Nikki Hill CD Release Thursday, Apr. 11, 6 p.m. @ Blues City Deli - free By Mabel Suen After one look and listen, it's plain as day that roots rock & roll vocalist Nikki Hill, lovingly backed by her guitar-slinging husband Matt Hill, is the next big thing to come out of little ol' St. Louis. The saucy songstress' infectious smile, bad-ass vintage style and soulful, high-energy delivery arrive easy on the eyes and ears. After a lifetime of belting it out in church choirs in the deep South, she's on the prowl to impart some gospel of her own all over the globe.
One More Time: A Tribute to Daft Punk Friday, Apr. 12, 9 p.m. w/ Coreyography @ 2720 Cherokee - $10-$17 By Jaime Lees St. Louis electronic music fans are hungry for a hometown Daft Punk live show. The duo would do well here; the French house pioneers' special brand of synthpop-based party tunes are as universally appealing as our beautiful Arch. But we Mid-westerners are a resourceful people: If we can't have the real thing, we'll have a tribute night, with "anthems, remixes and club bangers" from local favorite Coreyography and more.
Widowspeak Friday, Apr. 12, 8:30 p.m. w/ Dots Not Feathers, Indian Blanket @ The Firebird - $10 By Mike Appelstein From a 2011 show review: Molly Hamilton shyly strums her songs and sings in a high, plaintive voice that's been compared to Hope Sandoval and Kim Deal. Stasiak keeps a steady, simple and reliable beat. Guitarist Robert Thomas looks like he should be playing AC/DC covers back home with his sideburns, facial hair and Night of the Living Dead T-shirt, but his lead guitar lines fill out the sound perfectly, adding tension and nuance to Hamilton's guitar and vocals. He is capable of everything from jazz to Morricone, and he doesn't skimp on the tremolo effects. With the band's midtempo, melodic songs, the obvious comparisons are to Galaxie 500 and Low -- fellow stripped-down trios who use subtle dynamics the way other bands use sheer volume.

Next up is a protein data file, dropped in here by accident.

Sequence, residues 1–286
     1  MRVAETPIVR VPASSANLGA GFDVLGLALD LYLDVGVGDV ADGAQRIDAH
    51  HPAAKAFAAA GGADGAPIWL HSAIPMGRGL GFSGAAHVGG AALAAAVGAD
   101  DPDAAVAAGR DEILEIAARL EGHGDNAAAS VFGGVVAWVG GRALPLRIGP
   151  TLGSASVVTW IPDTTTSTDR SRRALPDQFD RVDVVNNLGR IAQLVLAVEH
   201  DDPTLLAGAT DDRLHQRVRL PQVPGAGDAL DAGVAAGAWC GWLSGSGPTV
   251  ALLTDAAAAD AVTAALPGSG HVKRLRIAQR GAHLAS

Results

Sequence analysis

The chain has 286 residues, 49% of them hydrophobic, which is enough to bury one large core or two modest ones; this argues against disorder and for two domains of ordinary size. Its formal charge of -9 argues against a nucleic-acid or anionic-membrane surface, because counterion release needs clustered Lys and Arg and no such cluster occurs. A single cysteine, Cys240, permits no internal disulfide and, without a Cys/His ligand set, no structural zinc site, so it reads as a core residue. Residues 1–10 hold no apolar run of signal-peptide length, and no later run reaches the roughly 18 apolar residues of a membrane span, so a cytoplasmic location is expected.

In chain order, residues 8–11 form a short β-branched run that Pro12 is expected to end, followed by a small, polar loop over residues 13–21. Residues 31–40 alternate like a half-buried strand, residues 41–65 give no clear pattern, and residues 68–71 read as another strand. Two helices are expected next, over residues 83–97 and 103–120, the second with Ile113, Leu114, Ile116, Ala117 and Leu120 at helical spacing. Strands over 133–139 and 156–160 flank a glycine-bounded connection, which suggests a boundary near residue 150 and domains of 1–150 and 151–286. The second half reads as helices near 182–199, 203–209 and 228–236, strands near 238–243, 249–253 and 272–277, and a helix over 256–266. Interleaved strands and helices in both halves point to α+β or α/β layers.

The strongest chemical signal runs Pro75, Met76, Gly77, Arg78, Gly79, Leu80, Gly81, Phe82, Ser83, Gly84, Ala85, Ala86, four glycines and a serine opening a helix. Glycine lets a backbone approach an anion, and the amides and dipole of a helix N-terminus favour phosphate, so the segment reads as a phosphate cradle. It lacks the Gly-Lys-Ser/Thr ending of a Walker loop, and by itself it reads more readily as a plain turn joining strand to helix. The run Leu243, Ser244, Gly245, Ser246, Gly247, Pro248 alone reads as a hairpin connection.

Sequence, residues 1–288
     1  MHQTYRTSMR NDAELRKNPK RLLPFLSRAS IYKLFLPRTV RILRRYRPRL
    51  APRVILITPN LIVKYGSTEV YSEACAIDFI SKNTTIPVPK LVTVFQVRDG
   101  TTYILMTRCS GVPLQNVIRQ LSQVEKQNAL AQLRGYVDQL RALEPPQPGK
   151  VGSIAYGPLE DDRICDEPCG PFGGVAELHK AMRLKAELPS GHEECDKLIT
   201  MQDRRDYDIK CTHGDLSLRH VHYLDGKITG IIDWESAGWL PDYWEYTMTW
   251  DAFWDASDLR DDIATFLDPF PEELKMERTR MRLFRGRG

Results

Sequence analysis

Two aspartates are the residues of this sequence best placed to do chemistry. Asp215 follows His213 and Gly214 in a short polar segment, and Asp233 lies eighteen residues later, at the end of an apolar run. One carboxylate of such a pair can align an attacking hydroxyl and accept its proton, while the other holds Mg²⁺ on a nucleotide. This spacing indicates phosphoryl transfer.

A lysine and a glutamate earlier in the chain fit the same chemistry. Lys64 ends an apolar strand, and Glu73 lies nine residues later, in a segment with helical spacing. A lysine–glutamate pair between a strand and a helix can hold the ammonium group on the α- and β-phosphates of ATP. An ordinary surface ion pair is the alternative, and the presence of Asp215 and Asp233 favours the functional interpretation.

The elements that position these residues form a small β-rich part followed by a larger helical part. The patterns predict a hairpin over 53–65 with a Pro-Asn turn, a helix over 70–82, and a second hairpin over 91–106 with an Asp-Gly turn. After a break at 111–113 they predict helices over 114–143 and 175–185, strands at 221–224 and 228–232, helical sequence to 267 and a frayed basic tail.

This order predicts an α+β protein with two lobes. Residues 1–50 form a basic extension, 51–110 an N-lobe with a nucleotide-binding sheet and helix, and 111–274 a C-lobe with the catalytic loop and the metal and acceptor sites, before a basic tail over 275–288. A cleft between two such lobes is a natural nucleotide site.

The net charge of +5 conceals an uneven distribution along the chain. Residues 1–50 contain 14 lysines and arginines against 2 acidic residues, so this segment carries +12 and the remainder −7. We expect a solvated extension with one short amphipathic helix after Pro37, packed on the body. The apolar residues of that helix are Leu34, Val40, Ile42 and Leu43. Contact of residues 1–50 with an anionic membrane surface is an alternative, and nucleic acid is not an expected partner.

Black Ice Saturday, Apr. 13, 8 p.m. w/ Another Mistake, Can We Win, Perfect People @ Venue TBA - $5 By Jimmy Eberle From "The Best St. Louis Punk/Hardcore Shows in April": Iowa's Black Ice's attempt at the whole Merauder sound, combined with Another Mistake's take on early-era Bridge 9 Records classics (American Nightmare, Panic, Carry On) will be worth your touring band dollar alone. But these bands are making the trek through to see their pals in Can We Win, as the band is winding down to an end. This will be CWW's second to last show, but not to bassist Drew Maxey's chagrin, since the band he fronts (still functioning) will be opening up and ending the calm before the storm.